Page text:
The age of cloud computing is upon us, and Amazon is a major player in the infrastructure-as-a-service component of the cloud. EC2 has been around for a couple of years and is growing rapidly in use. Apache Hadoop is an open source implementation of the Google Map/Reduce and BigTable platforms which can now sort a petabyte in a little over 16 hours. It has had direct EC2 support for a little over a year and Amazon has recently introduced Elastic Map Reduce using the Hadoop platform. As immersive virtual reality makes it into the main stream and the web adds an important new spatial dimension, its not hard for me to imagine Amazon offering Elastic Wonderland not far down the road.

Bringing Up Wonderland on EC2

If you have never used EC2 I highly recommend Amazon Web Service’s excellent tutorial. This will give you step-by-step instructions on starting up your first EC2 instance and is a necessary prerequisite for the other steps that follow. Once you have successfully created an AWS account, installed the EC2 tools and created your security key-pair you will have everything you need to bring up a Wonderland server instance.

  1. Make sure you have defined a security group (default is ok as below) and have configured the following ports:
    • ec2-authorize default -P tcp -p 22
    • ec2-authorize default -P tcp -p 80
    • ec2-authorize default -P tcp -p 1139
    • ec2-authorize default -P tcp -p 4848
    • ec2-authorize default -P tcp -p 5060
    • ec2-authorize default -P tcp -p 6666
    • ec2-authorize default -P tcp -p 6668
    • ec2-authorize default -P tcp -p 8080
    • ec2-authorize default -P udp -p 5060
    • ec2-authorize default -P udp -p 6666
    • ec2-authorize default -P udp -p 6668
    • ec2-authorize default -P udp -p 10000 12000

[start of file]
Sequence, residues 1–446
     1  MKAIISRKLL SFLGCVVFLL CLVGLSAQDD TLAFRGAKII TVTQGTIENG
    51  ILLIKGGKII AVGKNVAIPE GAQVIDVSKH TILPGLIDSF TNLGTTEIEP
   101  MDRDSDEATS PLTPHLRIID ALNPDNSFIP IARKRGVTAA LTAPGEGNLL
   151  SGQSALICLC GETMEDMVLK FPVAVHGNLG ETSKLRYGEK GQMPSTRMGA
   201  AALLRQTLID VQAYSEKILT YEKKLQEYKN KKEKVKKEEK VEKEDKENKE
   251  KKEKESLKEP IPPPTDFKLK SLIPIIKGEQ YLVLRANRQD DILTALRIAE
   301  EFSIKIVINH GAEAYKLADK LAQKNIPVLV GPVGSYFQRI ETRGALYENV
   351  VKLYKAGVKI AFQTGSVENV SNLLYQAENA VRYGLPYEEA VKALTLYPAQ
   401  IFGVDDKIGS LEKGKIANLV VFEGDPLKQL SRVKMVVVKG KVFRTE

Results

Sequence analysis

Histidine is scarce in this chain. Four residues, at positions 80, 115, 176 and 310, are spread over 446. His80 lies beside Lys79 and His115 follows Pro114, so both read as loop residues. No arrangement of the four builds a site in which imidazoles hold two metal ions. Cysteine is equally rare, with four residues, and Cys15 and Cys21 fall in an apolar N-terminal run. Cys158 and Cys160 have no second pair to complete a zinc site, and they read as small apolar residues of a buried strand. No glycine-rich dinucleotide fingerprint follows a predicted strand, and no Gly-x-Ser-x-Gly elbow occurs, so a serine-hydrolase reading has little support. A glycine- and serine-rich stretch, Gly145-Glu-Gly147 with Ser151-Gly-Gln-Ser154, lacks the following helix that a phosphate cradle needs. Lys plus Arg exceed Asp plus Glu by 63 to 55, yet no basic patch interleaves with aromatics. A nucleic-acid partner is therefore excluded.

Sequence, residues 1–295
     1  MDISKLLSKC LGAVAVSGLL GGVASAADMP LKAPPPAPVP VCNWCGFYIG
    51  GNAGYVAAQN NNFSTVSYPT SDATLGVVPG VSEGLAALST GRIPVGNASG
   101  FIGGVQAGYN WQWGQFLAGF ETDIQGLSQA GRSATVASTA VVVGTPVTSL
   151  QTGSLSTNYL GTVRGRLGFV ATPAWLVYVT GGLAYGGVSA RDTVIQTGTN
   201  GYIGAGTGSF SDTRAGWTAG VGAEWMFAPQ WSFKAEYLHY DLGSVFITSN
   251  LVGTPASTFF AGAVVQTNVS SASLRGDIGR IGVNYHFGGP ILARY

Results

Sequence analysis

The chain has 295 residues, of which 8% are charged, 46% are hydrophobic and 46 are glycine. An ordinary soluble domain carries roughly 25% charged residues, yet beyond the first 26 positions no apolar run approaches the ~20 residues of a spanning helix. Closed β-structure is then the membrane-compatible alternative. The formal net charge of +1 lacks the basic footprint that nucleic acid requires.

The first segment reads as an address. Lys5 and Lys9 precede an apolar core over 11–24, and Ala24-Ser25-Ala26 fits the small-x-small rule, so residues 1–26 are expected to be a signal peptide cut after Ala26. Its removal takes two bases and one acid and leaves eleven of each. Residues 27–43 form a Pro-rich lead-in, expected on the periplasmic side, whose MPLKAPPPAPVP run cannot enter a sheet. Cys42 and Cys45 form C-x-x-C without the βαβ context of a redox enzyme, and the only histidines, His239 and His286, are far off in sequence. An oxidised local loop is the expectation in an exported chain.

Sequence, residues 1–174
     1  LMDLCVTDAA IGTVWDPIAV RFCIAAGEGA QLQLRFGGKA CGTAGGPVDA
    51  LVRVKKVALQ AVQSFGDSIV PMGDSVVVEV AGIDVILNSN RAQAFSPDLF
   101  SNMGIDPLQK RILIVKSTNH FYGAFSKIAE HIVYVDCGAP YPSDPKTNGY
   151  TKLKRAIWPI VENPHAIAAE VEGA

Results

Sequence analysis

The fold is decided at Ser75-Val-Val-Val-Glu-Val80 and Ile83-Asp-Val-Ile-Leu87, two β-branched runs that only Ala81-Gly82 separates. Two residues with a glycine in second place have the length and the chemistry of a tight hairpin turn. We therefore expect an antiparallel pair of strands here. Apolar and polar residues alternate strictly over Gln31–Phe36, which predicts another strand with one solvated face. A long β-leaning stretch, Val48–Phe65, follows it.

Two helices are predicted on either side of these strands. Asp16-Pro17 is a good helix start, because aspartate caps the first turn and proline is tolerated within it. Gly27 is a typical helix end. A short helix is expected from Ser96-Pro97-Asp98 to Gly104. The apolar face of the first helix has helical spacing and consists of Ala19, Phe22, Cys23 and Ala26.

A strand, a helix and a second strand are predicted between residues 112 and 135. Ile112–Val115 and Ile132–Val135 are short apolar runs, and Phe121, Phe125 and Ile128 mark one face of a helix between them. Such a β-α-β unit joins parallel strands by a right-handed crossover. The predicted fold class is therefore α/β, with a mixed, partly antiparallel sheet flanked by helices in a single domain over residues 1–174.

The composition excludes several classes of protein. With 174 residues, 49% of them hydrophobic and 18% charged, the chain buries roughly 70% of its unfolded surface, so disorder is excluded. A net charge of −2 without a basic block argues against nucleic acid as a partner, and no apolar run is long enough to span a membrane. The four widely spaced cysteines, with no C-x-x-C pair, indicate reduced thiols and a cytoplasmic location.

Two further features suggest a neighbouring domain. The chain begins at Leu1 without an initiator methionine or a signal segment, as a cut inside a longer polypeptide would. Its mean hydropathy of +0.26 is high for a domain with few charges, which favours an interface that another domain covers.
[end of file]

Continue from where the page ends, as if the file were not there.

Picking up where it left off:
2. Go to your AWS Console
    • Click the EC2 Tab
    • Sign in
    • Select Launch Instances with the following attributes:
      • select Getting Started on Fedora Core 8 AMI
      • 1 small [keypair] [group]
    • Select the Elastic IP tab
      • allocate one elastic IP
      • associate with your new instance
  3. Access your public URL in a web browser and you should see:
    Congratulations! You’ve successfully launched the EC2 Getting Started AMI.
  4. Now access it by your static IP just to check:
    Congratulations! You’ve successfully launched the EC2 Getting Started AMI.
  5. Now log in to your server using your elastic IP (e.g. ssh id_rsa-gsg-keypair root@[your Elastic IP])
    • install the Java 6 JDK
      • # wget -nv -O java.bin http://%5Bjdk 6 URL]
      • # sh java.bin
      • # mv /usr/local/.
      • # cd /usr/local
      • # ln -s java
    • set up environment variables
      • # cd
      • # vi .bashrc
        export JAVA_HOME=/usr/local/java
        export PATH=$JAVA_HOME/bin:$PATH
      • #. .bashrc
      • # java -version (verify java is working)
    • install Subversion and Ant
      • # yum -y install ant subversion
      • # yum -y clean all
    • check-out and build Wonderland dev5 tag then run it
  6. Now open a browser on your new wonderland server on EC2, port 8080 (you should see the wonderland welcome page)
    • click here to access server administration.
      • edit Voice Bridge
        add voicebridge.first.rtp.port=10000
        add voicebridge.last.rtp.port=10200
        add voicebridge.server.public.address=[your Elastic IP]
        add voicebridge.server.public.sip.port=5060
        change voicebridge.status.listeners=[your Elastic IP]:6668
        change voicebridge.local.hostAddress=[your Private IP]
      • click Manage Snapshots
        make celltest-wfs current (ok to restart server)
      • click Home
    • click Launch Wonderland
  7. The client should start (click Trust) and you should be able to hear the singing teapot if you walk near it.
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3 Responses to Elastic Wonderland

  1. Morris says:

    I would be interested in a cost breakdown of the work you did.

  2. Jordan Slott says:

    Just a note about the instructions above, as I am trying it out.
    For Step 2, it seems Amazon tweaked the Web UI since these instructions were written.
    Once you are at the EC2 console, click "EC2 Dashboard" on the left hand-side navigation bar. You should see a "Getting Started" section, then click the "Launch Instances" button. The rest of the instructions should remain the same.

  3. Jordan Slott says:

    Also, for Step 5, getting JDK 6 on the machine, I had to visit the JDK 6 download page with my web browser on my local machine (you can start at java.sun.com and get there), and get to the point where it gave me a download link for Linux. I copied the URL for that link to use for the wget command.